From: William Overington (WOverington@ngo.globalnet.co.uk)
Date: Wed Mar 12 2003 - 08:20:27 EST
John Hudson wrote as follows.
If you don't intend to use the PUA codepoint in text, there really is no
point in having it at all.
Well, one useful scenario is as follows. Suppose please that one wishes to
process incoming regular Unicode text, using a eutocode typography file to
influence the process, details of the format on the
http://www.users.globalnet.co.uk/~ngo/ast03300.htm web page, and then use
the output Unicode format text stream as codes to look up glyphs in an
ordinary TrueType font, so as to produce a display which includes using some
ligature glyphs. Having a code such as U+E70B for fj and codes for other
characters as part of a consistent set which is published has the advantage
that if various software authors use the eutocode typography file format,
and various people spend time encoding specific eutocode typography files,
(such as for 18th Century English printing with long s ligatures, German
Fraktur printing and the ligatures of languages of the Indian subcontinent),
and various people produce ordinary TrueType fonts with ligature glyphs
encoded using consistent lists of published Private Use Area code points for
ligatures, then the existence of the list of Private Use Area code points
may well help in interoperability, so that, for example, having looked at
the result using a font produced by one artist one may have a look at the
result using a font produced by another artist without needing to change
the contents of the particular eutocode typography file being used for the
processing and having then to reprocess the original text using that second
eutocode typography file.
Another use is that preparing some text using WordPad and other programs,
not for interchange but just for, say, producing a local print of a poster,
having a consistent, widely used set of Private Use Area code points for
ligatures would mean that a poster designer could try out a number of fonts
from various artists without needing to reset the text each time using
whatever code points each font designer used for each particular ligature
I would mention that my thinking on using Private Use Area codes for
ligatures has gradually moved towards the use of the eutocode typography
file rather than interchanging files using Private Use Area code points for
ligatures, yet I do feel that, for local use such Private Use Area
allocations for ligatures as the golden ligatures collection provides are
potentially useful as they do provide for interoperability of fonts which
contain ligatures which fonts are produced by a variety of artists. Use of
the golden ligatures collection is entirely optional, yet it can be used to
try to achieve some level of interoperability of fonts. Indeed, font
designers who produce fonts using advanced font technologies, where the
conversion tables are internal to the font rather than external as with the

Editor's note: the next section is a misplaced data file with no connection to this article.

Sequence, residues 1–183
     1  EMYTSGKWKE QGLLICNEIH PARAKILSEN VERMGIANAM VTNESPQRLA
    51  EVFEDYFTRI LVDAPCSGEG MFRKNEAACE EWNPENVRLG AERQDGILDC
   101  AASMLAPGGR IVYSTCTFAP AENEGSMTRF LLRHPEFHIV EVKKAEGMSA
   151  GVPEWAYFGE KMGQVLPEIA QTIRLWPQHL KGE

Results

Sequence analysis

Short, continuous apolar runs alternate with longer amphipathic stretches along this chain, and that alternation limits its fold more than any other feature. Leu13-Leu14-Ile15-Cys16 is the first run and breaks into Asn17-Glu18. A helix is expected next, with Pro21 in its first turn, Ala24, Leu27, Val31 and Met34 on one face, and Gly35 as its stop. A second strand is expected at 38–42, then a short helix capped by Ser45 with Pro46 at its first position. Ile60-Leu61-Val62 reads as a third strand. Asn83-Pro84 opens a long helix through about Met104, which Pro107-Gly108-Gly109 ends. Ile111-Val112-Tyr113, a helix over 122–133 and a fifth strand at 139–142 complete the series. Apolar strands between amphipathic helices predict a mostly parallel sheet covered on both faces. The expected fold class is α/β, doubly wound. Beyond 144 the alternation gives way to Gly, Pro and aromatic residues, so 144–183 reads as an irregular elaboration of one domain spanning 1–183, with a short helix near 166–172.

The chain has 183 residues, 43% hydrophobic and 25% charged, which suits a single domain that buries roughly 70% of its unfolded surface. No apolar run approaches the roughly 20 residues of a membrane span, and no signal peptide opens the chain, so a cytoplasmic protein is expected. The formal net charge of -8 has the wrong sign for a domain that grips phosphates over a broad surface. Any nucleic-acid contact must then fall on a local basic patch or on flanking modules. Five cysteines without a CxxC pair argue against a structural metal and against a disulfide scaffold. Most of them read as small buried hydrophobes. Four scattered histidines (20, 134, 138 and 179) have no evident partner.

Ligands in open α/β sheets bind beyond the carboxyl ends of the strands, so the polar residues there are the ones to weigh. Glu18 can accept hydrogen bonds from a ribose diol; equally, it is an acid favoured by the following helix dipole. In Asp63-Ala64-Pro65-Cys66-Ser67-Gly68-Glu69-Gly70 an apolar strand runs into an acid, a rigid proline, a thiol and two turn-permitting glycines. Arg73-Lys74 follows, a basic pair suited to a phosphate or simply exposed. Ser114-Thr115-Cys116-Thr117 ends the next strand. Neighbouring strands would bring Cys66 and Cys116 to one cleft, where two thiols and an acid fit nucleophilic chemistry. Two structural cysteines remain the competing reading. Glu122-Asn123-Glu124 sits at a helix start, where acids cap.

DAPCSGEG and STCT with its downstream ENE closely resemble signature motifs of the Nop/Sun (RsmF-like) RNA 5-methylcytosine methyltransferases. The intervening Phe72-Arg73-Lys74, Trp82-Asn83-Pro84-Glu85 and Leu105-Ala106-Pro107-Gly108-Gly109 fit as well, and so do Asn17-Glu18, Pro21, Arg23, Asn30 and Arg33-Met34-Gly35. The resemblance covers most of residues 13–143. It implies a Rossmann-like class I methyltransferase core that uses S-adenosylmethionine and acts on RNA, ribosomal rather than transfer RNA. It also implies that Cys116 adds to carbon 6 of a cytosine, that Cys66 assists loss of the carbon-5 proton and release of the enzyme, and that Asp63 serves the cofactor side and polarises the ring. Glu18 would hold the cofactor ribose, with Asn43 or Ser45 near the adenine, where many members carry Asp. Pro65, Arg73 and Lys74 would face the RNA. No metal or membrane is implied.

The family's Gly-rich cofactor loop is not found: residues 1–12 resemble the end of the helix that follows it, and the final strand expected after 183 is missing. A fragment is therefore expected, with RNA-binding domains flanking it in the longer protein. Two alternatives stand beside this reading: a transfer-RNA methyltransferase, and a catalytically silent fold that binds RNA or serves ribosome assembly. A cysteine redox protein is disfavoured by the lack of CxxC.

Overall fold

eutocode typography file, where the glyphs for ligatures are not accessed
directly may, if they choose, make use of the code point allocations of the
golden ligatures collection so as to allow the glyphs also to be accessed
from other platforms with a hope of some level of interoperability.
Certainly, using the code points of the golden ligatures collection is not
using regular Unicode code point allocations, yet as a self-help facility
amongst end users so that use of fonts containing ligatures is easier, the
golden ligatures collection is perhaps of some practical use.
I accept that the use of Private Use Area encodings does not guarantee
compatibility, yet one can take care to try to make the use of Private Use
Area codes for ligatures and other characters as graceful as possible.
For example, although there is absolutely no requirement at all for me to do
so, and no one has asked me to do so, I decided to make sure that no golden
ligatures code point allocations made in the future will clash with the code
points used for Phaistos Disc Script in the ConScript Registry.
I am happy to point out, in addition, that I do quite like the idea of a
link with traditional letterpress printing where each ligature character was
cast as one piece of metal for the whole ligature and one could actually
pick them up and place them in a composing stick, so the golden ligatures
collection is about art and nostalgia as well as about technology and
practicality of achieving a stylish display using computing equipment.
I have added a new code recently, which is U+E700 STAFF which is a vertical
line from the very top of the glyph and going as far below the 0 line as one
chooses for a particular font. With Quest text I encoded this character
early with a line going vertically from -768 font units to 2048 font units.
This forces the overall display height of the font before I added either of
lowercase y and g, which in fact go down to -512 font units in Quest text,
so the U+E700 character within the font helps in the display process even
though the character is not usually displayed, though it can be displayed
for test purposes if desired.
12 March 2003
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